Thursday, March 26, 2009

St. Louis, Via Chicago

I spent a few days in Chicago earlier this week with my family. Last night my wife came across this interesting Paul Goldberger piece from a few weeks ago, about Daniel Burnham, the architect who was instrumental in planning out the city: 

Burnham wanted to remake the city along the lines of Paris—the plan gained the nickname Paris on the Prairie—and, to a large extent, he succeeded, prescribing a series of projects that kept the city busy through the nineteen-twenties. Some things, such as a gargantuan civic center that would have made Les Invalides, in Paris, seem modest, were never built. But the campus of museums on the lakefront—including the Field Museum of Natural History, the Shedd Aquarium, and the Museum of Science and Industry—and the network of parks, boulevards, piers, and lagoons that have kept the area in public hands for a century is the plan’s enduring legacy. It forms a startling contrast to the elevated highways and industrial buildings that have come to obstruct the waterfronts of most other American cities.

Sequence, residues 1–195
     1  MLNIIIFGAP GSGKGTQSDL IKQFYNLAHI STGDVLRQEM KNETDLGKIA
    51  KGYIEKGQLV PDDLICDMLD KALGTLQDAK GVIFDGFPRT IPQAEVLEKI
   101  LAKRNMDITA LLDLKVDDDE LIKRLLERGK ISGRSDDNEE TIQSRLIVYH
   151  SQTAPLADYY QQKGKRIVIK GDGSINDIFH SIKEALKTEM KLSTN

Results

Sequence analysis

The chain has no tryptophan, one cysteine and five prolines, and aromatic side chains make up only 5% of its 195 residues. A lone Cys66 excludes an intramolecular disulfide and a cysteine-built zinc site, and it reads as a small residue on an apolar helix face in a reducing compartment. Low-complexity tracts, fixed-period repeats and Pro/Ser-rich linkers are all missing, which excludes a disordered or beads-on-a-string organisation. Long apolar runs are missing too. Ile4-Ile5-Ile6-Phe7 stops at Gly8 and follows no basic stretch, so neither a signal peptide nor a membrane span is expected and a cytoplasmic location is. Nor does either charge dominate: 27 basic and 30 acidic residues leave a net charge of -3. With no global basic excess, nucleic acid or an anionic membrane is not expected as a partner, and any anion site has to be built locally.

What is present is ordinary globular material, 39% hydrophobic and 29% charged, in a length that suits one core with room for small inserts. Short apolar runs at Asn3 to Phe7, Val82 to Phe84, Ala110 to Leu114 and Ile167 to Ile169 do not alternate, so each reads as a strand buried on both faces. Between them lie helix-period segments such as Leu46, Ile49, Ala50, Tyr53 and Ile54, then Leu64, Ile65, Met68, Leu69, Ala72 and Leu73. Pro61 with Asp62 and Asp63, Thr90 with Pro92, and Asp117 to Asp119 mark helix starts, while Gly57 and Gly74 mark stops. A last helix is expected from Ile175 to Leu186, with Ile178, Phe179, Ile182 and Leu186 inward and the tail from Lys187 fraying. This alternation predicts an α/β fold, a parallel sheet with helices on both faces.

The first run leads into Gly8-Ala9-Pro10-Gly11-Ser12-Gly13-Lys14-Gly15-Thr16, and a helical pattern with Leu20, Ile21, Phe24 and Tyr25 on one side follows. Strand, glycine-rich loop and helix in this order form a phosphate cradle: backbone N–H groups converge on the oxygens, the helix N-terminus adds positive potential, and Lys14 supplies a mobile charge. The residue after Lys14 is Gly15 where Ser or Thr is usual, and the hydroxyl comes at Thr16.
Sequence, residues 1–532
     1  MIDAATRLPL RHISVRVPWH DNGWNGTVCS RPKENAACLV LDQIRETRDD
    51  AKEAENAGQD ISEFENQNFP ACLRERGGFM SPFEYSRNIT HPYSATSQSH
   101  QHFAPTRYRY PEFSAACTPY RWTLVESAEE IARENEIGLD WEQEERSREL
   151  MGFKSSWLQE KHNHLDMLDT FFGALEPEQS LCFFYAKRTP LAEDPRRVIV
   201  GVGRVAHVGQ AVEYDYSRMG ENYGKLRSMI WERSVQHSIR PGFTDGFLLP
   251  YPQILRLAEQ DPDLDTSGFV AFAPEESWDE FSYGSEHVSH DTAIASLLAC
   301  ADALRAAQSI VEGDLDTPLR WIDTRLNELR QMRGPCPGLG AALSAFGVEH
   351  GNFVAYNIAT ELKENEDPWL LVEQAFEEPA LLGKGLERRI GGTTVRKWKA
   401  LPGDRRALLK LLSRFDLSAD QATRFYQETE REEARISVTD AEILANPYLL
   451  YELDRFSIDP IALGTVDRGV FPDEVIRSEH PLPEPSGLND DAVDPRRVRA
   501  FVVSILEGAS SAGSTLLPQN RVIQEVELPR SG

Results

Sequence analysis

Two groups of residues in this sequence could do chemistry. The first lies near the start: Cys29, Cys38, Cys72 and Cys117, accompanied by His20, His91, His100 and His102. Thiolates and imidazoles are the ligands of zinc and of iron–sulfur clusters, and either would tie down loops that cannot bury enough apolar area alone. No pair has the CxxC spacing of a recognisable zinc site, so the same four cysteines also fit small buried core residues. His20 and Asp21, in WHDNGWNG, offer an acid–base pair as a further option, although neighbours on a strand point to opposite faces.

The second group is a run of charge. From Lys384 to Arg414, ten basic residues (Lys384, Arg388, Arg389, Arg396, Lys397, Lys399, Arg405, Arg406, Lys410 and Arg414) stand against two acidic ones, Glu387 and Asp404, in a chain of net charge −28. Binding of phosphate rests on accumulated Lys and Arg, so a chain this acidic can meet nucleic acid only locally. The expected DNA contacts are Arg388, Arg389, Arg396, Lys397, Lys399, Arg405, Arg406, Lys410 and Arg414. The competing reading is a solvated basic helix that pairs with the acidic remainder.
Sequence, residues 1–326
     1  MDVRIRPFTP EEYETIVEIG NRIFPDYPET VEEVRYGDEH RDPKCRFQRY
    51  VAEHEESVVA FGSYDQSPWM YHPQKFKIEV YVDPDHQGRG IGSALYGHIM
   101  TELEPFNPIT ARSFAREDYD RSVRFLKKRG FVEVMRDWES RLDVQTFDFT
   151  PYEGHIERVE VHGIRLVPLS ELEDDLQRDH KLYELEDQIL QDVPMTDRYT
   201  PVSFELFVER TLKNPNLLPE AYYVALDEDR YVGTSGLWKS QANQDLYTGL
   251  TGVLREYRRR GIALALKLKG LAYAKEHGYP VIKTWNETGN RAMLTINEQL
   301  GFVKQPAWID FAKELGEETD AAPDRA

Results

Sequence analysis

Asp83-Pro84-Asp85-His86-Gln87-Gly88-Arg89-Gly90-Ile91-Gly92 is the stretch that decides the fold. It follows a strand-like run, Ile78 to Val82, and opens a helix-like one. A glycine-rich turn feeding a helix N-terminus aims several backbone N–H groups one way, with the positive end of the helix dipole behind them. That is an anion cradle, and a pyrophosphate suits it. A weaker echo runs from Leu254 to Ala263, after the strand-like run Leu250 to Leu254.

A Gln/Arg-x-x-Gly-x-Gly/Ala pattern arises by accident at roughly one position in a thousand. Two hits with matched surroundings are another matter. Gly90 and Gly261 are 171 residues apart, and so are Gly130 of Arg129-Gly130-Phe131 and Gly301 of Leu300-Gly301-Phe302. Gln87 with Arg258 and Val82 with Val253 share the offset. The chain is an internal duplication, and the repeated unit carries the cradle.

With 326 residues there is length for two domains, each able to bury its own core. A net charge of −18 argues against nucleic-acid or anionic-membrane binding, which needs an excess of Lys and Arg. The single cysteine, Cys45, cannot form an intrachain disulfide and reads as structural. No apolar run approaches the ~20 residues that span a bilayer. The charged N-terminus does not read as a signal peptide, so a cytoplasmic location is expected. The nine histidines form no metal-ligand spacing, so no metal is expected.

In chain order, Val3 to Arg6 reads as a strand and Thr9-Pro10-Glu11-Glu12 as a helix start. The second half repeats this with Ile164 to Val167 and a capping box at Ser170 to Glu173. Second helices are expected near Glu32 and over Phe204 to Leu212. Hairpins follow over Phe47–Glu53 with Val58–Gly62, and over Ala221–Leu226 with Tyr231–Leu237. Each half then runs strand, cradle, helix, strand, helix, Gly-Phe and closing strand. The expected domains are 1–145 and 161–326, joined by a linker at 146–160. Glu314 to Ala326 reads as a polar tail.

Elevated highways? Industrial buildings? Obstructed waterfront? Sounds familiar, yes, but I think St. Louis beats itself up a bit too much. We had fun in Chicago, but a family like mine could put together a great vacation in St. Louis as well, and for a lot less money. A day at Forest Park, hitting the zoo, the art museum, and the science center, with a jaunt over to the Hill for lunch or dinner. A day out in the county, at Grant's Farm and Laumeier and the Magic House, with a pit stop at Ted Drewes on the way home. A day in the Botanical Garden, then over to the playground at Tower Grove Park, then to South Grand or Hartford Coffee Company for some refreshments. Downtown you could do the Arch, then pop over to the brewery tour and Gus' for a pretzel, then a baseball game followed by some music at BB's or the Beale on Broadway or the Broadway Oyster Bar (OK, that part wouldn't work with kids). Throw in a visit to Crown Candy or Soulard or the Loop or one of the other art galleries if you have time. 

It's not all centrally located, like all the museums and Navy Pier in Chicago. You'd have to know where to go, and you'd have to have a car to get around, but it'd be a lot easier and cheaper than parking in Chicago.